President & Deputy President (Presidency) Budget Speech, responses by ACDP, IFP, GOOD, DA, FF+ & Al Jama-Ah


31 May 2023

Watch: Plenary

President Cyril Ramaphosa: The Presidency Dept Budget Vote 2023/24

31 May 2023

Speaker of the National Assembly,
Deputy President Paul Mashatile,
Ministers and Deputy Ministers,
Honourable Members,
Fellow South Africans,

This Presidency Budget Vote Is being presented on the understanding that all of us gathered in this House share a responsibility to build a new nation, to serve the people of South Africa and to improve the lives of every South African – leaving no one behind.

Above all, we all have a shared responsibility to uphold the Constitution, which affirms the inherent worth, fundamental human rights and dignity of every South African.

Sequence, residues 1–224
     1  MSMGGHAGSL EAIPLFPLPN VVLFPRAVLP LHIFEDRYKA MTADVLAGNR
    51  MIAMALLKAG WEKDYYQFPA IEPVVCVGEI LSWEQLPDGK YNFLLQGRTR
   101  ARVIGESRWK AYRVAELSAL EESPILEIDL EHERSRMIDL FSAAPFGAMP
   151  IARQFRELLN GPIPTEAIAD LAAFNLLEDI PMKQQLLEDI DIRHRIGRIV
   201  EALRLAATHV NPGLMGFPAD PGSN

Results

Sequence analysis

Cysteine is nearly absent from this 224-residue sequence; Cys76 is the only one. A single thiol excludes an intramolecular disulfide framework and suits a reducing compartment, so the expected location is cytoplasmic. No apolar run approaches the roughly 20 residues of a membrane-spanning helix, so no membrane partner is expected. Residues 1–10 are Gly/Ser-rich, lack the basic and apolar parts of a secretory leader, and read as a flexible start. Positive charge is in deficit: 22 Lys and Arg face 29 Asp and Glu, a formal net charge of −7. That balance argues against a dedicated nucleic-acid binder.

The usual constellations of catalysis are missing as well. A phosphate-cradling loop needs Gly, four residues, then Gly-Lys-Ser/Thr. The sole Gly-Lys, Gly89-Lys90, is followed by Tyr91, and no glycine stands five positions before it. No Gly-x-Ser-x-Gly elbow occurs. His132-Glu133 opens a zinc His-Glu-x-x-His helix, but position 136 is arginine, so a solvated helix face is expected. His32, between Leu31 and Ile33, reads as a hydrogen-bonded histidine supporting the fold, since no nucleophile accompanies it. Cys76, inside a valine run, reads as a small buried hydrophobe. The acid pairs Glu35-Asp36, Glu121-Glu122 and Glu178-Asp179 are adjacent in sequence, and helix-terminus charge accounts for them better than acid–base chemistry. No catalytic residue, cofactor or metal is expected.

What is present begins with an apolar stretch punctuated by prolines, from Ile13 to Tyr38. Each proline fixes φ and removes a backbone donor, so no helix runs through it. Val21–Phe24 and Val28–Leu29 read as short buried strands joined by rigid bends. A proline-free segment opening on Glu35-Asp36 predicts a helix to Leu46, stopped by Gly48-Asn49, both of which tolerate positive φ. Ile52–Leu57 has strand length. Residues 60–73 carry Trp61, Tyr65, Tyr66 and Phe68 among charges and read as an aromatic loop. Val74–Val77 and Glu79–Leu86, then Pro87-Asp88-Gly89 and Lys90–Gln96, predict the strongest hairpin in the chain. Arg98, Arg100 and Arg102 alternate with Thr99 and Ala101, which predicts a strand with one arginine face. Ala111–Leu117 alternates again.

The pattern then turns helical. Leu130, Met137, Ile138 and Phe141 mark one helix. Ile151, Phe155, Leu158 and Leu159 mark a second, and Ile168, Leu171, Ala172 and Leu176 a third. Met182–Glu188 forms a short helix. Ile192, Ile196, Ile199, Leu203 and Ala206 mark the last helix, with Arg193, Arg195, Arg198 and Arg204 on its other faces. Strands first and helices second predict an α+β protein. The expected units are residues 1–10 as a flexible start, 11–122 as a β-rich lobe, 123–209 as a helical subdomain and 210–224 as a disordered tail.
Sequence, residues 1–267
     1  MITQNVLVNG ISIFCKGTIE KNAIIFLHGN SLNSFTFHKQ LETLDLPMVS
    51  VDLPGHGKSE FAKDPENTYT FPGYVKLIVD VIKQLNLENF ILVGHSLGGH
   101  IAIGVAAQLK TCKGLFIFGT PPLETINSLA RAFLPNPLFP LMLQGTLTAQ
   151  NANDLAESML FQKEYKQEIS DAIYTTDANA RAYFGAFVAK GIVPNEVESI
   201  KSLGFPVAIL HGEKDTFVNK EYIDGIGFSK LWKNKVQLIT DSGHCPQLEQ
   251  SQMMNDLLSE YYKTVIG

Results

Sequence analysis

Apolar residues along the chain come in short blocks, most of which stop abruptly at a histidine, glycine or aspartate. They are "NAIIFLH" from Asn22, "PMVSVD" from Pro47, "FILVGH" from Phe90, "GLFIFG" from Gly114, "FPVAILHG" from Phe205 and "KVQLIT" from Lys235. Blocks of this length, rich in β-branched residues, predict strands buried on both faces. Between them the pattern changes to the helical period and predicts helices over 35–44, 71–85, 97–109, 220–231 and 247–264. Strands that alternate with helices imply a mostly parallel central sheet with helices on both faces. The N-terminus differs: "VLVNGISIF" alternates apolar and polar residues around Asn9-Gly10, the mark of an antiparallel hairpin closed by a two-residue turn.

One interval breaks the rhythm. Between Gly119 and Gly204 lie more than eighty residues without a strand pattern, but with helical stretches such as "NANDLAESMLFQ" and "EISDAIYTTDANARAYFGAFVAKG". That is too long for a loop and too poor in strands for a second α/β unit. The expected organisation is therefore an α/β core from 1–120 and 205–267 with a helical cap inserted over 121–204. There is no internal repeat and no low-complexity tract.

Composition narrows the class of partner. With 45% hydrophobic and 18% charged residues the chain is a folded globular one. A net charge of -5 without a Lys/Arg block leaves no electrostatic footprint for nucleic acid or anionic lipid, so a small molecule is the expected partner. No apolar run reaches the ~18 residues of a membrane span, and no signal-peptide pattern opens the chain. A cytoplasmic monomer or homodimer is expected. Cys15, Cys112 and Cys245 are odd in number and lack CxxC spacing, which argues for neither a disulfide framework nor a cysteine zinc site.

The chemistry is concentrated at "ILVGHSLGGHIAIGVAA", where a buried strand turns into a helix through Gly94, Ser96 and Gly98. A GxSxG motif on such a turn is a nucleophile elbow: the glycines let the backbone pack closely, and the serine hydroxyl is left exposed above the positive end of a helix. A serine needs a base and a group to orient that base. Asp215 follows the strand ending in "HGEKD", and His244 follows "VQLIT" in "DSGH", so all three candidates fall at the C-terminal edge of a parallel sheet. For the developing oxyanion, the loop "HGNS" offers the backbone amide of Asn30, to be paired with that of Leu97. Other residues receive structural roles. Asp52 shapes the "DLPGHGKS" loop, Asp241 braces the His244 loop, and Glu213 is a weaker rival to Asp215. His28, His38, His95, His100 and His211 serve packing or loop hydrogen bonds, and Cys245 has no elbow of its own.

This shared responsibility reaches beyond the precincts of Parliament and the offices of State. We are called upon to exercise this responsibility, to build our country and uphold the Constitution fully cognizant that it extends across all parts of our society, from business to trade unions, from traditional leaders to religious bodies, from community organisations to citizens themselves.

As we face some of the most difficult and severe challenges since the dawn of our democracy, we are all called upon to be part of the solution. To make a difference.

As I introduce the debate on Vote 1, the Presidency’s Budget Vote, I am keenly aware of the duty this Office carries.

At varying points in the history of this democracy we have met with both triumph and disaster.